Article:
Thursday, April 23, 2009

FAQ Part II - Holistic and natural?

Posted Jul 9, 2008 12:44pm

Thank you for your good wishes and happy thoughts. My lumpectomy is this Friday, and as much as I avoid drive-throughs, this one I don’t mind – I check in at 5:30 a.m. and I’ll be out by noon.

On a lighter note: FAQ Part II.

Q. You’re “holistic and natural” – why not alternative treatment instead of letting “them” cut you up and fill you with drugs?

A. I’m holistic and natural, not insane. If I severed a finger artery in while chanting mantras and slicing organic vegetables at a 45 degree angle (estimated-direction-of-chi) for my juicer to sploosh out healing alkaline beverages, I would not pop herbs and meditate (you already know where THAT leads). I would get to the ER and entertain myself for the next 6 hours with shredded 1983 issues of People until an exhausted, caffeine-augmented intern at the end of a 72 hour shift propped their eyes open long enough to stitch me up and load me with enough antibiotics to fight off the staph infection I picked up from the trashy magazines. (Let this be a lesson – GOSSIP CAN KILL.)

Only then would I would relax in my Buddha garden sipping alkaline broth, which by that time would have formed its own layer of “natural” penicillin mold after sitting out when I abandoned the juicing project for the ER during a typical Folsom 109 degree heat wave. Even possibly in January.

Western medicine is the Rambo/Lara Croft of emergency/life-threatening disease care –best in the world. The problem arises when this care is applied to chronic diseases, which develop over time – diabetes, heart disease, obesity, high blood pressure, digestive problems, etc. Although medicine relieves immediate symptoms, most of these are the effects of lifestyle, not drug deficiencies. And only lifestyle changes will actually reverse the dis-ease process.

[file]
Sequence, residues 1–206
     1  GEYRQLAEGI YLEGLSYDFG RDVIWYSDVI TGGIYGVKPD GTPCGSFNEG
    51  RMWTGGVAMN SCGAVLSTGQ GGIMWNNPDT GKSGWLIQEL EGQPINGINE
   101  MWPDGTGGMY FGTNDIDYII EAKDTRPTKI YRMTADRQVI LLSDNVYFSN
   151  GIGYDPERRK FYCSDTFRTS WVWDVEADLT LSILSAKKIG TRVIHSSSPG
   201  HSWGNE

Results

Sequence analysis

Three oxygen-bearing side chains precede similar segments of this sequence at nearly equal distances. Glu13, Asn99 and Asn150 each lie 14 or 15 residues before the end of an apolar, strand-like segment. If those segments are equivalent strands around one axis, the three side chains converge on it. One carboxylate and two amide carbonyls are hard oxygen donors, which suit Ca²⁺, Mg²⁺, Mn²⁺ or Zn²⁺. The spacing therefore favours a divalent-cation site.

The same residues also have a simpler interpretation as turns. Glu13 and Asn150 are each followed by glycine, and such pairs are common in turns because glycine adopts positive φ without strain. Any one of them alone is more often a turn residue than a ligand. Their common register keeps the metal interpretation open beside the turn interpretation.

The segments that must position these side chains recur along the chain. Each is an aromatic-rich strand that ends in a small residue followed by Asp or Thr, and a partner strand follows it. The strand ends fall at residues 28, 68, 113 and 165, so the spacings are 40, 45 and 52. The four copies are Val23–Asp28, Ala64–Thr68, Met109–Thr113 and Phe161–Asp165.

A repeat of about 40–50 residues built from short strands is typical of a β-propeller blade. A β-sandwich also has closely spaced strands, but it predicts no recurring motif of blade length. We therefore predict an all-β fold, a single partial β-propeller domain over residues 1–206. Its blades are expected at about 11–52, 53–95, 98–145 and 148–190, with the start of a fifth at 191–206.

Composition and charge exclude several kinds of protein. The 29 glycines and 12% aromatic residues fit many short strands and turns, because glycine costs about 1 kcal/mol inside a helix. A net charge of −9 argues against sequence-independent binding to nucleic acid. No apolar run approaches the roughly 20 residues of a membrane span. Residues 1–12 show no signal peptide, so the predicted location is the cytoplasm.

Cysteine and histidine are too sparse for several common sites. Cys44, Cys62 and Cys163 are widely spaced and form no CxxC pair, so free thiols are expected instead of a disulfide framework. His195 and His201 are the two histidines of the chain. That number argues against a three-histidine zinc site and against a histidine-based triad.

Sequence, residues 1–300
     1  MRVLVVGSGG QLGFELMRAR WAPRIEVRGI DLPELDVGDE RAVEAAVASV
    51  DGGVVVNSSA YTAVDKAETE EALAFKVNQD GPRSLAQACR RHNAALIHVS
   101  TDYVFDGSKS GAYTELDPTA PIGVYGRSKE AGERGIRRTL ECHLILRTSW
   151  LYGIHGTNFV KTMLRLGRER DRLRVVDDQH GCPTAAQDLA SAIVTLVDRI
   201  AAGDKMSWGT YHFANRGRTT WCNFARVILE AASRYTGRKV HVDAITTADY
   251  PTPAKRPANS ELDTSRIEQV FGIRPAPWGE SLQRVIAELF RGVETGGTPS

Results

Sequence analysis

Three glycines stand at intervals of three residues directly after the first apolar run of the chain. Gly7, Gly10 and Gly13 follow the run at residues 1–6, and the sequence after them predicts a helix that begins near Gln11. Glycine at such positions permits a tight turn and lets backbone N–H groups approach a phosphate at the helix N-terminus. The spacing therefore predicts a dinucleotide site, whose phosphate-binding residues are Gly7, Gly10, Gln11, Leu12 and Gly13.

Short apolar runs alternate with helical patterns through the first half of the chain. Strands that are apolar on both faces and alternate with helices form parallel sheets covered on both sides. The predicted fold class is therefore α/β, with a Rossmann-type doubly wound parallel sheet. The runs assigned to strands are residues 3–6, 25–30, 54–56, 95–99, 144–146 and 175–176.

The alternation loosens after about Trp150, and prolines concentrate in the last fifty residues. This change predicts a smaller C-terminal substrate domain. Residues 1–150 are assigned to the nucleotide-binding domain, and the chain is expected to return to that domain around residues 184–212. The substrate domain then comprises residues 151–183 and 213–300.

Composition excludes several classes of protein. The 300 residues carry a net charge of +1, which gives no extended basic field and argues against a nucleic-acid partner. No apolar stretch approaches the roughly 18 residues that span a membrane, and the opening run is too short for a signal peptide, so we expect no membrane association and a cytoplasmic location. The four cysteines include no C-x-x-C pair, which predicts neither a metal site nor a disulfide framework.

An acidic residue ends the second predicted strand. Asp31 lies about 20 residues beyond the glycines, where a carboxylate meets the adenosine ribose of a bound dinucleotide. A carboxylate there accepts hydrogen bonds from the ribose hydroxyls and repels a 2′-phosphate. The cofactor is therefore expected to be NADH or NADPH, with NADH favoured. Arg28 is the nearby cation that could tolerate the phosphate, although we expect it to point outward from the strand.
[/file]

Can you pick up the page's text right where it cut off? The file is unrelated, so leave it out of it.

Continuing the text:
The National Institute of Health finally came to their senses and promulgated (carved in stone) the STANDARD OF CARE for diabetes, heart disease, high cholesterol, obesity and high blood pressure. Except for emergencies, it is not immediate drug therapy, but “12 weeks of therapeutic lifestyle changes [TLC].” This means a specific program for healthy eating, stress reduction and increased physical activity. It does not mean scurrying you through a 7 minute visit with a suggestion to eat “better.”

“Standard of care” means “the rules you are supposed to follow in a given health condition or you can lose your license and unless there is no one living who is aware of the incident, including the patient or any relative, acquaintance, pet, or rights group, AND every lawyer on the planet spontaneously vaporized, you will get your butt sued besides.”

Only after 12 weeks of TLC are drugs an option – if NO changes are evident. Keep that in mind next time you are handed a prescription. Do not stop any medications now – doing so without supervision can kill you. But if you have any of the above-mentioned afflictions, you have a lot more control than you may think.

When faced with life-threatening disease, do whatever medical procedure it takes to get rid of it. Immediately. Then do what you need to heal on every level. Laugh and love a lot. Veg out regularly. Eat live, fresh, organic food – not dead, packaged food. Exercise.

Hahaha – just kidding about exercise. My extensive research has proven that exercise causes injuries, fatigue and smelliness and can send your obscenely expensive eyelash extensions washing away on beads of ugly sweat onto the tip of your nose where they look oddly displaced unless you also have a little mole there. In which case you obviously have your priorities out of order. While I can joyfully put in 12 hours of hard labor in my garden, the mere thought of a treadmill gives me leg cramps.

So find an activity you love that requires more aerobic involvement than the vigorous thumb manipulations of obsessive texting (refer to “Gossip Can Kill”) and enjoy that activity as often as you can.

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